X(ENUM_TWO)    \

#define X(a)    a
typedef enum Foo {
} MyFooEnum;
#undef X

#define X(a)    @#a
NSString * const enumAsString[] = {
#undef X

Now, use it in the following way:

// Usage
MyFooEnum t = ENUM_ONE;
NSLog(@"Enum test - t is: %@", enumAsString[t]);

NSLog(@"Enum test - t is now: %@", enumAsString[t]);

which outputs:

2014-10-22 13:36:21.344 FooProg[367:60b] Enum test - t is: ENUM_ONE
2014-10-22 13:36:21.344 FooProg[367:60b] Enum test - t is now: ENUM_TWO

@pixel's answer pointed me in the right direction.

  • seems to be an elegant solution but this gives me Mach-O Linker error saying duplicate symbols for enumAsString when I use it in the code as sampled. Jan 2 '15 at 6:44
  • @Mahendra - enumAsString is declared globally, so if you are re-declaring it in another header file, you will get the duplicate symbol error. The fix is simple: declare a variant of enumAsString for each variable type (and each enum table) in each file - e.g. retcodeAsString, tagValueAsString, etc.
    – BooTooMany
    Jan 5 '15 at 22:00

You could use X macros - they are perfect for this.

Benefits 1. the relationship between the actual enum value and the string value is in one place. 2. you can use regular switch statements later in your code.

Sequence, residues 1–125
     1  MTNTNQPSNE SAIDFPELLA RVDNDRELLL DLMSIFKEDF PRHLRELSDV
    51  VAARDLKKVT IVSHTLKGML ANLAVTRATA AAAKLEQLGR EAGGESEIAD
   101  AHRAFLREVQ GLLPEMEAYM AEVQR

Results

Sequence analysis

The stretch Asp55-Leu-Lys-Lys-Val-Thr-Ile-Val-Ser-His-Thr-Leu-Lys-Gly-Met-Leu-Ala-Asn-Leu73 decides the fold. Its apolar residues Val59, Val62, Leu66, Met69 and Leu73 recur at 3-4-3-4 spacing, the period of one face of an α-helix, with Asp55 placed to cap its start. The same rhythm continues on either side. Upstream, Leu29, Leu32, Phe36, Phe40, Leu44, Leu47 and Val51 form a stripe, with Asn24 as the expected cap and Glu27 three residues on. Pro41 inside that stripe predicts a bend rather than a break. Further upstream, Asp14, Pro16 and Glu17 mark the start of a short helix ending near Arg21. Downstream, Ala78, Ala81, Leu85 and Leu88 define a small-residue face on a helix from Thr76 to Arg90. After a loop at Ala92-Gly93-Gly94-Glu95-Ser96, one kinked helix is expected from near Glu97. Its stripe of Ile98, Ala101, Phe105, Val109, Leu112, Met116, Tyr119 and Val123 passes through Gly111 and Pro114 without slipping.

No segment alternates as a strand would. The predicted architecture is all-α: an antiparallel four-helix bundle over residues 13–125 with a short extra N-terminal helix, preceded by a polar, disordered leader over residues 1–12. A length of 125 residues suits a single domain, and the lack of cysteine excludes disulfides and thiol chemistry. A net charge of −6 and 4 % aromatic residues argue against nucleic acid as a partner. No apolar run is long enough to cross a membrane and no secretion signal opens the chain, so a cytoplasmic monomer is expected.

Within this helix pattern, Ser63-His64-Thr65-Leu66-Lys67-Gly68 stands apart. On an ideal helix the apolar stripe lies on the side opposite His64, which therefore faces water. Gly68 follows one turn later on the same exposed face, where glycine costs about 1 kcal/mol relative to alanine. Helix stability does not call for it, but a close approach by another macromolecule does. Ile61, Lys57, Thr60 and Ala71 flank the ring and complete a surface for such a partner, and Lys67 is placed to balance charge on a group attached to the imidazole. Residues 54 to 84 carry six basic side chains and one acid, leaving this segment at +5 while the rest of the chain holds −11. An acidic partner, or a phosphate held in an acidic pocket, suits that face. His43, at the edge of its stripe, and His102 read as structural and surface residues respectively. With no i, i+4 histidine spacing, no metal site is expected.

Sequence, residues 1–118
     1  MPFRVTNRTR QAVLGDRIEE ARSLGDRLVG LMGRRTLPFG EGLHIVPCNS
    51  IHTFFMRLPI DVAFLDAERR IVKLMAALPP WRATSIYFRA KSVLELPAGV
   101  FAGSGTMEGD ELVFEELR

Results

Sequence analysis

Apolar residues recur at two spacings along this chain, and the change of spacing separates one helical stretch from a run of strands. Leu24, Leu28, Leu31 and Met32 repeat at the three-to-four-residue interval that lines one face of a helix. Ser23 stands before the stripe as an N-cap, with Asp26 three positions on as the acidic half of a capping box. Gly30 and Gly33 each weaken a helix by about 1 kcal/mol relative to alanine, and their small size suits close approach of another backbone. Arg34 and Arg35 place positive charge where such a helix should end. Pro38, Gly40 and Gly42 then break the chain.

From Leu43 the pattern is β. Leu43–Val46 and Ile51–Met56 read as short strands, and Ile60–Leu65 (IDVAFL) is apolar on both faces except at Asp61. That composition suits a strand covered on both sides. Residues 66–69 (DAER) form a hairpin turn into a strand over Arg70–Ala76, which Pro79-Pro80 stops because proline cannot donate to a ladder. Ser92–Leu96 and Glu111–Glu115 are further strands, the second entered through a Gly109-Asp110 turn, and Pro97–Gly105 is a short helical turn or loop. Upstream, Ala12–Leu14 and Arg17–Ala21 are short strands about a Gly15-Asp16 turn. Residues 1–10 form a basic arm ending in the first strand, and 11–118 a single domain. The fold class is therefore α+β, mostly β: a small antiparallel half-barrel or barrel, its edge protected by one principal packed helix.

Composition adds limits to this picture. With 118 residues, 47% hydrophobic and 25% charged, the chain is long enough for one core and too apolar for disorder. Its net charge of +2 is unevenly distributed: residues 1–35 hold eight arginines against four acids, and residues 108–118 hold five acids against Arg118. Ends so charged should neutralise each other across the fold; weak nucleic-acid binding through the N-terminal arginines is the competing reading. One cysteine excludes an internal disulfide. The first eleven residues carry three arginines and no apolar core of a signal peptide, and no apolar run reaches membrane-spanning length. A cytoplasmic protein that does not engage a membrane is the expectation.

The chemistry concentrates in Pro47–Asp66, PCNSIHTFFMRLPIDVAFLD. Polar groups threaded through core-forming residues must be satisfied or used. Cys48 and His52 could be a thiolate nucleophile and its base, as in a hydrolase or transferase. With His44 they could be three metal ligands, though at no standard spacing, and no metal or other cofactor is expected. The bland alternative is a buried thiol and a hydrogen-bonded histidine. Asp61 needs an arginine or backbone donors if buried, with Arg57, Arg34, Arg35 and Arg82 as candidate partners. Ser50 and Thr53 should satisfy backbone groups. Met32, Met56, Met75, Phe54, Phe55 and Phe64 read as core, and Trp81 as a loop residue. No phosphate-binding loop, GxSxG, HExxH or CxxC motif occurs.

Detriment 1. The initial setup code is a bit obtuse, and uses fun macros.

The code

#define X(a, b, c) a b,
enum ZZObjectType {
typedef NSUInteger TPObjectType;
#undef X

X(ZZObjectTypeZero, = 0, "ZZObjectTypeZero") \
X(ZZObjectTypeOne, = 1, "ZZObjectTypeOne") \
X(ZZObjectTypeTwo, = 2, "ZZObjectTypeTwo") \
X(ZZObjectTypeThree, = 3, "ZZObjectTypeThree") \

+ (NSString*)nameForObjectType:(ZZObjectType)objectType {
#define X(a, b, c) @c, [NSNumber numberWithInteger:a],
    NSDictionary *returnValue = [NSDictionary dictionaryWithObjectsAndKeys:ZZOBJECTTYPE_TABLE nil];
#undef X
    return [returnValue objectForKey:[NSNumber numberWithInteger:objectType]];

+ (ZZObjectType)objectTypeForName:(NSString *)objectTypeString {
#define X(a, b, c) [NSNumber numberWithInteger:a], @c,
    NSDictionary *dictionary = [NSDictionary dictionaryWithObjectsAndKeys:ZZOBJECTSOURCE_TABLE nil];
#undef X
    NSUInteger value = [(NSNumber *)[dictionary objectForKey:objectTypeString] intValue];
    return (ZZObjectType)value;

Now you can do:

NSString *someString = @"ZZObjectTypeTwo"
ZZObjectType objectType = [[XXObject objectTypeForName:someString] intValue];
switch (objectType) {
    case ZZObjectTypeZero:
    case ZZObjectTypeOne:
    case ZZObjectTypeTwo:

This pattern has been around since the 1960's (no kidding!): http://en.wikipedia.org/wiki/X_Macro

  • A brilliant solution with minimum overhead and maximum readability and usability! Thanks! And the macros is fun indeed! )